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PostPosted: Mon Mar 16, 2015 10:08 pm    Post subject: Reply with quote

krinn wrote:
As it is base on electric disturbance cause by proximity, you can move ram away from each other (if your bank aren't all fill)
You can remove memory
And you can use shielded ram (the one overclocker loves, that have shield to protect them from heating, in this case, it should also protect them from it)

But imo, you can even invite strangers wearing shades and black hat to your house, as it's something to let them swap bit, it's something different to actually use this to do something useful and the ones able to do that are fewer than you think, and they shouldn't wear black hat but some kind of white blouses ;)
Because even if you invite one guy that is known able to do it, the next question would be: what your computer hold that would be worth the effort?

I would say i would kindly invite such kind of guy to my house to get a coffee, as discussion with him should be a real good one.

i am trying to explain it the whole thread. it is nothing special about this computer but the skynet bitcoin spam and ddos ultrabot does not care which machine it takes to do its business.
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PostPosted: Mon Mar 16, 2015 10:45 pm    Post subject: Reply with quote

krinn wrote:
As it is base on electric disturbance cause by proximity, you can move ram away from each other (if your bank aren't all fill)
You can remove memory
And you can use shielded ram (the one overclocker loves, that have shield to protect them from heating, in this case, it should also protect them from it)
krinn, the row lines are on the RAM chips themselves. The interference is between adjacent row lines on the same chip. Moving DIMMs around doesn't help, nor does external shielding.

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PostPosted: Tue Mar 17, 2015 3:03 pm    Post subject: Reply with quote

NeddySeagoon wrote:
Two bit error will be detected but not corrected. The process will be killed.

In my experience, the mainboard just opts to hard-reset the entire machine instead.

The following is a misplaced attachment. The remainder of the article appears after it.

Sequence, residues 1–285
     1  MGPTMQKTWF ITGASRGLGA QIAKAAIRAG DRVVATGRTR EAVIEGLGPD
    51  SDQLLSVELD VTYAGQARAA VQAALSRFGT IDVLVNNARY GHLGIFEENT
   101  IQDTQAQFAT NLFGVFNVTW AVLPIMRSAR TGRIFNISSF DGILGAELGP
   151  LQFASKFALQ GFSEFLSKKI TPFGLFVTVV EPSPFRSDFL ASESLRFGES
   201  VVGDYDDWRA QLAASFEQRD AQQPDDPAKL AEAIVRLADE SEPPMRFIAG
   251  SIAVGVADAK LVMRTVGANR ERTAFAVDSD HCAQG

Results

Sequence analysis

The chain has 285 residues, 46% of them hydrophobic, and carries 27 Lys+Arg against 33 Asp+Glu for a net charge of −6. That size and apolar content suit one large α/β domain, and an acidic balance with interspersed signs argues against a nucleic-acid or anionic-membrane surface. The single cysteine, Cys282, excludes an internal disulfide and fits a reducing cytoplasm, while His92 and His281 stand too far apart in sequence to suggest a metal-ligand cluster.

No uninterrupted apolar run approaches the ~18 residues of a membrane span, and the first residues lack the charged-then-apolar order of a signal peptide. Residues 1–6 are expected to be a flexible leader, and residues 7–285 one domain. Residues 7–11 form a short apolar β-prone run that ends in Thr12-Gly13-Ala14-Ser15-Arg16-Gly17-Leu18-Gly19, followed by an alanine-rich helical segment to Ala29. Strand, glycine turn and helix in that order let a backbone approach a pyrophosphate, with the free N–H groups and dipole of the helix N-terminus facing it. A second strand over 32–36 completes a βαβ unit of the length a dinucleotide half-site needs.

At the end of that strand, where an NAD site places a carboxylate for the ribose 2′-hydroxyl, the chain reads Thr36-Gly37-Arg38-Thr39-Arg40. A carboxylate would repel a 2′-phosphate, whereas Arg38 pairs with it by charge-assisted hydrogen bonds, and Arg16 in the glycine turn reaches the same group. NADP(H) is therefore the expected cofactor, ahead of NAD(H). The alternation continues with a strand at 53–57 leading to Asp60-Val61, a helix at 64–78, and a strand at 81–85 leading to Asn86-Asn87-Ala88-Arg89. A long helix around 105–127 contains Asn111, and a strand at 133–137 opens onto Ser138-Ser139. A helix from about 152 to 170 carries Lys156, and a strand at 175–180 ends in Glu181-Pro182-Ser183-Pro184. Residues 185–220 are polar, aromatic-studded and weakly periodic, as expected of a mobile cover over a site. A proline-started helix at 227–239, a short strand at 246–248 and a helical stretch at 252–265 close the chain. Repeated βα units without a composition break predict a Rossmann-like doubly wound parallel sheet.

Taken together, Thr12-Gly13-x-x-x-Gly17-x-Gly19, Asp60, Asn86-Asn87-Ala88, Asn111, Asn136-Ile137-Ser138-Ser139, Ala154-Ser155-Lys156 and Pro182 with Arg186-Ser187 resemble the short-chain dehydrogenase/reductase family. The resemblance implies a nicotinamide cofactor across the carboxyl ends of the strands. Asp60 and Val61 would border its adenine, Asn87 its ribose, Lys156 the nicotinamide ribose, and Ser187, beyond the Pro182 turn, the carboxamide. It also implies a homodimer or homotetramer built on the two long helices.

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PostPosted: Thu Mar 19, 2015 11:40 pm    Post subject: Reply with quote

There's currently a discussion (or more) going on over at linux-kernel mailing list:

http://marc.info/?l=linux-mm&m=142666744515825&w=2
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PostPosted: Fri Mar 20, 2015 12:05 am    Post subject: Reply with quote

I my day job, I've spent some 30+ years in DRAM development, the last 15 years embedded, and standalone before that. Back in my standalone DRAM days, we had patterns to specifically test for "row disturb", including hammering on the neighboring wordlines for a few thousand times. Of course that was way back in the ancient days of about one-third micron, and we're more than an order of magnitude smaller than that now.

Seems to me that most of the time, the cache itself ought to mitigate this, because if you're hitting an address this frequently it should wind up in the cache and stay there. I haven't actually read the reports to see how they're getting around that. Of course root could, with exact knowledge of the CPU chip, but that makes it a different level exploit.
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PostPosted: Fri Mar 20, 2015 12:17 am    Post subject: Reply with quote

There's already a patch in Linus' tree to prevent access to /proc/PID/pagemap

for non-root users:

https://git.kernel.org/cgit/linux/kernel/git/torvalds/linux.git/commit/?id=ab676b7d6fbf4b294bf198fb27ade5b0e865c7ce


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PostPosted: Fri Mar 20, 2015 11:47 am    Post subject: Reply with quote

depontius wrote:
Seems to me that most of the time, the cache itself ought to mitigate this, because if you're hitting an address this frequently it should wind up in the cache and stay there. I haven't actually read the reports to see how they're getting around that. Of course root could, with exact knowledge of the CPU chip, but that makes it a different level exploit.
There are machine instructions to force cache to be written to main memory. This is necessary in other contexts, for instance ensuring that all cached data is flushed to memory before doing DMA-based I/O (which operates on main memory directly).

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PostPosted: Fri Mar 20, 2015 3:13 pm    Post subject: Reply with quote

John R. Graham wrote:
depontius wrote:
Seems to me that most of the time, the cache itself ought to mitigate this, because if you're hitting an address this frequently it should wind up in the cache and stay there. I haven't actually read the reports to see how they're getting around that. Of course root could, with exact knowledge of the CPU chip, but that makes it a different level exploit.
There are machine instructions to force cache to be written to main memory. This is necessary in other contexts, for instance ensuring that all cached data is flushed to memory before doing DMA-based I/O (which operates on main memory directly).

Can those instructions be used without being root? Seems like a DOS opportunity to me, even without rowhammer, if it is so.
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PostPosted: Fri Mar 20, 2015 3:27 pm    Post subject: Reply with quote

Yes. There are many other usage scenarios where their unprivileged use makes sense. For instance to ensure consistency in memory shared between threads within the same process which, of course, may run on different cores.

- John